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Care Around Stillbirth and Neonatal Death (CASaND) Clinical Practice Guideline

Options for less invasive postmortem investigations

While a full autopsy remains the diagnostic method of choice for most perinatal deaths,42-44,47,49 non-invasive or minimally invasive approaches should be offered to parents who decline a full autopsy. Offering alternatives to full autopsy reduced the proportion of Māori women in Aotearoa New Zealand who had no investigations for their babies.20

Less invasive autopsy options include a limited autopsy (where only specific organs are examined) and minimally invasive tissue sampling.50 Non-invasive options include imaging (babygram, ultrasound, magnetic resonance imaging [MRI] and computed tomography [CT]) and external examination by a pathologist.47,49,80,81

In a review of imaging in investigating perinatal deaths,47 MRI performed better than ultrasound irrespective of the state of maceration, except for the abdomen, for which there was no significant difference between imaging techniques when the baby was macerated. Microfocus computed tomography (micro-CT) is a promising approach for imaging babies. The authors proposed a stepwise diagnostic approach for fetal examination, where imaging is undertaken prior to a decision about autopsy, which may reduce the need for autopsy.47 However, further research is needed to test this application in routine practice.47 Imaging decision trees have been proposed to guide the use of imaging and autopsy for perinatal death49,82,83 and may prove helpful.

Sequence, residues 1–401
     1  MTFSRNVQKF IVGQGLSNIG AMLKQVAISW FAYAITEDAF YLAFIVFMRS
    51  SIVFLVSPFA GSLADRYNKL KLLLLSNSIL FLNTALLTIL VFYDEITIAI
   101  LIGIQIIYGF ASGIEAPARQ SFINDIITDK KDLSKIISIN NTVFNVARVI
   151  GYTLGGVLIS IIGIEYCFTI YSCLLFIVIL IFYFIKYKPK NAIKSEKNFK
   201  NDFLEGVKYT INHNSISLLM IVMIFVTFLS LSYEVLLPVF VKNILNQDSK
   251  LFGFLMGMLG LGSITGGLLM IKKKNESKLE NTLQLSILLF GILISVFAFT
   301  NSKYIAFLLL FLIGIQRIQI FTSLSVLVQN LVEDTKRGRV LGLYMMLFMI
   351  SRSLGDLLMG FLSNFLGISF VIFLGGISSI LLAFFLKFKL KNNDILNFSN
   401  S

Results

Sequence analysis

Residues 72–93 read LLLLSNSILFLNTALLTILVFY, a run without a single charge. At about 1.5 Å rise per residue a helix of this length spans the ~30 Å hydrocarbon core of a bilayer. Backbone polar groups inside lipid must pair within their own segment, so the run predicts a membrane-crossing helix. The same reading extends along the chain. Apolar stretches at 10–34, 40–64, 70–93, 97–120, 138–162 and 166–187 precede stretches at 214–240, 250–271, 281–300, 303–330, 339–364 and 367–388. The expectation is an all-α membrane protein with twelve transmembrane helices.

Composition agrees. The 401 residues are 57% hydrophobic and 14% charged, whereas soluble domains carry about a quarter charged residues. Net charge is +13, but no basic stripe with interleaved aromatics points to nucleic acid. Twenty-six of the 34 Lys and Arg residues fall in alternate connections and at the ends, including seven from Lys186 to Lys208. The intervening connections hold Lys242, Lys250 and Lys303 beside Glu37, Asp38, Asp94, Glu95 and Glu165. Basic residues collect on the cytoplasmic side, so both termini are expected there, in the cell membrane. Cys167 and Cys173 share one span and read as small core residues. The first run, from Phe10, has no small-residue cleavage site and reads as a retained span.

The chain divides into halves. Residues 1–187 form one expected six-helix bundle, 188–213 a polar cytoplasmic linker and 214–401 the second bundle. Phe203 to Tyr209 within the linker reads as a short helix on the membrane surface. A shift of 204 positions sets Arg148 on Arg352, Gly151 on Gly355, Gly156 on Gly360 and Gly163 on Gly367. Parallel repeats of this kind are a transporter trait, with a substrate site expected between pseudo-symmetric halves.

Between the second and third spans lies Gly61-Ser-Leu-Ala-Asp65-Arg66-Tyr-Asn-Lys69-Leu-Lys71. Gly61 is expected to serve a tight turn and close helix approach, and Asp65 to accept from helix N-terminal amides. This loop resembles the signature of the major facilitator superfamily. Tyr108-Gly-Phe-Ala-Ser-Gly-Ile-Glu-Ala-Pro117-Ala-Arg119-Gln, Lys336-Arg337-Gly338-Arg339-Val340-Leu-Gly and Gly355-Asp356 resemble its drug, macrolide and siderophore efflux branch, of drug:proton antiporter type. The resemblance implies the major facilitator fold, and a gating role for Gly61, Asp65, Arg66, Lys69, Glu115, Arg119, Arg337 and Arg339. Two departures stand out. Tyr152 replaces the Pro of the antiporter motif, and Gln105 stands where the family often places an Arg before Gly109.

The systematic review from the Dutch postmortem imaging guideline group included a practice-based flowchart for radiology in non-forensic fetal and neonatal deaths.49 The authors concluded that MRI is the imaging modality of choice for perinatal deaths. Postmortem MRI can provide valuable diagnostic information for perinatal deaths particularly for brain and spinal cord anomalies with advantages over conventional autopsy in the presence of maceration.47,49,83 MRI should be undertaken within three days of the death and optimally within 24 hours where practicable.83 When termination of pregnancy because a suspected brain malformation is planned, a fetal MRI may provide more information than postmortem MRI alone.84

Postmortem imaging techniques cannot replace the value of histology results in all cases. Tissue sampling (with parental consent) may be required in addition to imaging and is best achieved by image-guided laparoscopic tissue sampling; however, this may be difficult for small babies. Image-guided needle tissue biopsy can overcome this limitation,85 where appropriate services are available. In selected cases, when combined with imaging and other core investigations, the addition of targeted tissue sampling may provide similar results to full autopsy.27,50.

Due to the complex nature of many perinatal deaths, the optimal approach to alternative investigations should ideally be developed by a multidisciplinary team.47,85

Evidence-based recommendation 6.30

Evidence quality: Moderate confidence

Where a full autopsy is declined by the parents, alternative options of less or minimally invasive investigations should be offered and an explanation provided of the value in their circumstances following a multidisciplinary discussion including the obstetrician, and neonatologist/paediatrician pathologist, radiologist, and geneticist as required. In addition to all core investigations, the following should be offered to parents who decline a full autopsy:

  • limited autopsy or minimally invasive tissue sampling (where available)
  • external examination by the pathologist   
  • full body X-ray imaging of the baby (also known as a ‘babygram’)  
  • postmortem MRI (where available).

Consensus-based recommendation 6.31

A postmortem MRI, where available, should be offered to parents as an adjunct to autopsy or in place of an autopsy where this is declined.

  • Ideally, MRI should be performed within 24 hours of stillbirth.
  • MRI has been shown to be helpful in identifying brain and spinal cord anomalies, particularly in macerated stillborn babies.
Core investigations
Additional investigations in specific clinical scenarios
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